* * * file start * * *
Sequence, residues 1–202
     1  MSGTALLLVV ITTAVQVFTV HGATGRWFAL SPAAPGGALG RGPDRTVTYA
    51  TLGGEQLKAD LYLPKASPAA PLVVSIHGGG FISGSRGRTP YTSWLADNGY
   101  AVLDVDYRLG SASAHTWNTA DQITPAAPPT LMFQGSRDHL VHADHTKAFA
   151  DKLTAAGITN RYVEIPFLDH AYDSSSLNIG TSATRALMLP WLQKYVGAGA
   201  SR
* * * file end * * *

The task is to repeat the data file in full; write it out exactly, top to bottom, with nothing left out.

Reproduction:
Sequence, residues 1–202
     1  MSGTALLLVV ITTAVQVFTV HGATGRWFAL SPAAPGGALG RGPDRTVTYA
    51  TLGGEQLKAD LYLPKASPAA PLVVSIHGGG FISGSRGRTP YTSWLADNGY
   101  AVLDVDYRLG SASAHTWNTA DQITPAAPPT LMFQGSRDHL VHADHTKAFA
   151  DKLTAAGITN RYVEIPFLDH AYDSSSLNIG TSATRALMLP WLQKYVGAGA
   201  SR